The project proposal has two parts: the work to accomplish the goals (the workplan) and the money it takes (the budget). The workplan shows the cost in time and the budget the cost in money. Fundraisers normally underestimate the number of activities making up the work - typically because organisations lack advice from specialist managers. If the workplan skips or skimps on activities, the budget underestimates can become severe.

What to know?

Cover all the activities

Graph 2 shows how many activities make up a standard project (10) and their normal sequence. If organisations miss managers, some activities get skipped, skimped or sunk into others – meaning the workplan underestimates the work and its cost. No matter the project, these 10 activities are unavoidable, making them the default categories for every budget. The cost for each is never zero. They are essential - forgetting a category or undercharging compromises success.

What to do?

1. Complete the work plan

Check that the activities are in the workplan and match them to costs in the budget. What are these unavoidable activities? Table 3 shows 10 of them, their management area and output.

NPO’s often skip or skimp activities if inexperienced or short-staffed. Giving all 10 to a few people overloads them and leads to work falling between the cracks. Only one or two of the activities (project and information) take place at the project site – the rest occur at the head office. Accountants who class the rest as overheads and donors who fund only project or delivery costs are cutting out 80 percent of the activities. This is why project managers feel overloaded and underpaid – they are. Too many activities that should be dealt with separately, or were ignored, fall to the project manager by default – such as risk management, information, production, facilities management etc. This also explains why NPO’s have too few managers – though the work is crucial, these activities occur at the head office and donors do not pay for it.

Table 4 lists the costs that go with the activities of each manager. The activity generates expenses when procuring inputs, producing and distributing tangible assets.

What to do? (2) Cost the activities
Check that the activities are in the workplan and match them to costs in the budget.

Step 3: Include all expenses within the 10 activities

The budget is made up of the mini-budgets for each activity in the work plan. Listing all the activities, and then all the sub-activities, ensures a complete budget.

What to know?

Each activity is a mini-project

Each activity inside a project is a mini-project in its own – so a project has at least 10 mini-projects, each with its own workplan and budget. The good news is each mini-project has the same shape as the overall project, with the same mini-activities, same workplan and same budget template.

What to do?
Draft 10 mini-plans and 10 mini-budgets budgets

This is the total set of costs for a budget – 100 in total, from 10 activities (1-10) and 10 sub-activities (A-J) in each. Each activity is its own mini-project. This matrix shows the complete set of activities and cost categories for a standard project. Don’t worry if this looks complicated, it is a simple spreadsheet that stays the same for all projects.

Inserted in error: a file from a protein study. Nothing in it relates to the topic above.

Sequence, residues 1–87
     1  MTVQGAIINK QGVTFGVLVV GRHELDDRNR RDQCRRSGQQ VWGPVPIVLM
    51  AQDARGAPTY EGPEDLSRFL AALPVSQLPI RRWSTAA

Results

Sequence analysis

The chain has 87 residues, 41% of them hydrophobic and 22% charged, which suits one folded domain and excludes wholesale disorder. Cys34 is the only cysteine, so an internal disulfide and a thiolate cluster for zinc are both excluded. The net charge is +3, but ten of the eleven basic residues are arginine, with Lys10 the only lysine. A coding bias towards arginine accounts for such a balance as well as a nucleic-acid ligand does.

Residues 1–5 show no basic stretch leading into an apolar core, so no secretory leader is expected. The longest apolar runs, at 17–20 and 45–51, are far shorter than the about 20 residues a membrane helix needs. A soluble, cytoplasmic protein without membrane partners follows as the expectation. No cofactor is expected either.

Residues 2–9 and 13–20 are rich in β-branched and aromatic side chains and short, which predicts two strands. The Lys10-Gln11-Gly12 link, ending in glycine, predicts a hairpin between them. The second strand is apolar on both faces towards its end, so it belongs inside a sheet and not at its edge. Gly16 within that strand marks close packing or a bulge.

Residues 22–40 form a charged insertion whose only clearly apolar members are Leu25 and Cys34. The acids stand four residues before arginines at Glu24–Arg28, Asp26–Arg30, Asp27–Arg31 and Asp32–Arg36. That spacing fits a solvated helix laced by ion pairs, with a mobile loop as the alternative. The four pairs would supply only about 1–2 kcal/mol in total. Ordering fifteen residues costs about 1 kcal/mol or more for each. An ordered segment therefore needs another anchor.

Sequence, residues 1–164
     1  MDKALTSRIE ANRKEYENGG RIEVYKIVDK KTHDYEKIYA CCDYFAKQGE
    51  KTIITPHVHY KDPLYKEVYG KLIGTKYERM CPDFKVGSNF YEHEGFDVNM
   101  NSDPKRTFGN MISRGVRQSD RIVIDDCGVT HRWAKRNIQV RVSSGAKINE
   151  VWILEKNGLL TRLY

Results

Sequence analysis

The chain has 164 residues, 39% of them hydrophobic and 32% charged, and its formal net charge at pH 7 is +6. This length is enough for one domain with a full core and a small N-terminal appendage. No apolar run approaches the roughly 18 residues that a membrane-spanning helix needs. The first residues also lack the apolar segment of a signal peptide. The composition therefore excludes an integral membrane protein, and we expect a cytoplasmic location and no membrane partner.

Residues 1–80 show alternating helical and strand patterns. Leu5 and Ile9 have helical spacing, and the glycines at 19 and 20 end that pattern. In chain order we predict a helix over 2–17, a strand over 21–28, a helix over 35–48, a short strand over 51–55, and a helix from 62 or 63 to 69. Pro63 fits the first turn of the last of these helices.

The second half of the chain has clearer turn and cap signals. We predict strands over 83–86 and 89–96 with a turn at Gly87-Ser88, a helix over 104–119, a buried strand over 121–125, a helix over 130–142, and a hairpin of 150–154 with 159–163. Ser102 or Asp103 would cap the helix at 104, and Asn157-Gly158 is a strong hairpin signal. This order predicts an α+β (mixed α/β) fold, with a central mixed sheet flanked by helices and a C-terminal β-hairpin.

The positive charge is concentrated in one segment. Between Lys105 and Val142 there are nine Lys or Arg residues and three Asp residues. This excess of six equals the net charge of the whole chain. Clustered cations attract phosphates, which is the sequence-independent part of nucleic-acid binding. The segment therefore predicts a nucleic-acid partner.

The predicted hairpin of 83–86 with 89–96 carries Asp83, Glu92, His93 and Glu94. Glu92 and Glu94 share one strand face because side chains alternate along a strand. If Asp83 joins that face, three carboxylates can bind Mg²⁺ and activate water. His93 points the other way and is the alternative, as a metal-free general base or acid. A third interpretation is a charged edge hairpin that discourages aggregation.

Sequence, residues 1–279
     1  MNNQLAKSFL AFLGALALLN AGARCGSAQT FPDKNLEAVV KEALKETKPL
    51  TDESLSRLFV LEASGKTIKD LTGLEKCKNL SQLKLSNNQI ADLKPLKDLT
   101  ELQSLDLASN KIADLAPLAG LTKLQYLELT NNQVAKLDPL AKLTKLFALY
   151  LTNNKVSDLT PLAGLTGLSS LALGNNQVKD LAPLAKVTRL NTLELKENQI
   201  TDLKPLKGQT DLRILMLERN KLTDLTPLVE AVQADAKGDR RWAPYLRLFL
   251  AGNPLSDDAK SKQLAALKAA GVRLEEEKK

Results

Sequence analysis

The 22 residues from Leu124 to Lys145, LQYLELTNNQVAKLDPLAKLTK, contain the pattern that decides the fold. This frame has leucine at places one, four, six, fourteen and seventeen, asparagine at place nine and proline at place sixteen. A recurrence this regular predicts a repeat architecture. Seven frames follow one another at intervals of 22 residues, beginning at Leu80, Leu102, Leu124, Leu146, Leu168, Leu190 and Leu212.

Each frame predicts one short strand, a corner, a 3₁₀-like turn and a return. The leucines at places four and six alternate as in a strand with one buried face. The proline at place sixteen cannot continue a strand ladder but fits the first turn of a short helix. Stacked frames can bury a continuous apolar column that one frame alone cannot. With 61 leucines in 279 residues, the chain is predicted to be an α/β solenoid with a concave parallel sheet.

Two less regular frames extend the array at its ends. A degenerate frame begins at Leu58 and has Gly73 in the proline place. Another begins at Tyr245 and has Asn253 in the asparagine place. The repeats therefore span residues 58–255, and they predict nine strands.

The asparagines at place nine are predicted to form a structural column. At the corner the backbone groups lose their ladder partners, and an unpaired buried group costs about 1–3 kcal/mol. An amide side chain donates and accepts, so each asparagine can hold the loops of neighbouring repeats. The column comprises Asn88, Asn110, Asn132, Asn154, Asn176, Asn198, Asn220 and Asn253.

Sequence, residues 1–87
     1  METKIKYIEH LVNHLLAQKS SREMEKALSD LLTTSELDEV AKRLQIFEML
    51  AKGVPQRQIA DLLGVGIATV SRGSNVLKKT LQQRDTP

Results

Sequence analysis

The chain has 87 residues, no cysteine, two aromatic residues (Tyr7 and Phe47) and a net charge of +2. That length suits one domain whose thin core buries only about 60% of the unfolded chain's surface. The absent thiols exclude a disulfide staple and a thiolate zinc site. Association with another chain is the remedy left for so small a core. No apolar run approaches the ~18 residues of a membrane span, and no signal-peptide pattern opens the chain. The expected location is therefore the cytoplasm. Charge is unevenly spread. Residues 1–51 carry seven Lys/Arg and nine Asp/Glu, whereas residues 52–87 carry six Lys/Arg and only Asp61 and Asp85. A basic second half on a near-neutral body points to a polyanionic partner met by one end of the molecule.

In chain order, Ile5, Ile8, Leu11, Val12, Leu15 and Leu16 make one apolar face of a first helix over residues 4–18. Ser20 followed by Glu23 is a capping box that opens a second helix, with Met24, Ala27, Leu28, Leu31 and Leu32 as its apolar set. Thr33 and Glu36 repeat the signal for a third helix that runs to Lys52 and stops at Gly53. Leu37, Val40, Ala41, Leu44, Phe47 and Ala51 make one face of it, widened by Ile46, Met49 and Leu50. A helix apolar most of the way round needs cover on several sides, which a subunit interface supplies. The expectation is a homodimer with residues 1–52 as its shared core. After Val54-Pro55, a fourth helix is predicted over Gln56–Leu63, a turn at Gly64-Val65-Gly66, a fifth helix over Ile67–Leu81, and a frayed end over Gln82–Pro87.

Step 4: Include all the risks

No project always goes to plan, especially when the proposal was conceived in haste. Neither workplan nor budget are absolutely accurate (unless contrived). Few donors accept a change in price, so the NPO must allow for uncertainty early on when little is known. Compare past budgets with actuals to arrive at the organisational trend and use the matrix below to see where risks concentrate.

What to know?

Nothing is certain

Risk is the expected cost of the work not going to plan – ie what it costs to put right. A project has 10 types of risk, one for each type of activity – so a project has at least 10 risks, each with its own probability and cost. For example, HR risks would include too few staff, or too many, not cheap enough, or too cheap. Facilities risk would be too few sites, or too many, not cheap enough, or too cheap, too far from the head office or too far from beneficiaries etc.

What to do?

Calculate the chance and cost of things going wrong


“In a rising tide everyone looks good, in a receding tide, you see who wasn’t wearing pants” - Warren Buffet.

In a severe economic downturn, NPO’s must make the most of fewer funding opportunities. Some were “not wearing pants” before by under-pricing their projects. They charged too little for the work of directors and managers, wrote them off as overheads, skimped or skipped core activities and underestimated the cost of risk. The “rising tide” covered the problem, but letting donors off the hook and leaving money “on the table” can be fatal now. With fewer grants available, NPO’s must right-size their budgets to survive.

Errol Goetsch has an MBA from the University of the Witwatersrand Business School and is the Director of the Centre for Social Impact, South Africa. For more information contact him on +27 84 445 7272 and or Vannessa Westcott on +27 76 112 5384 and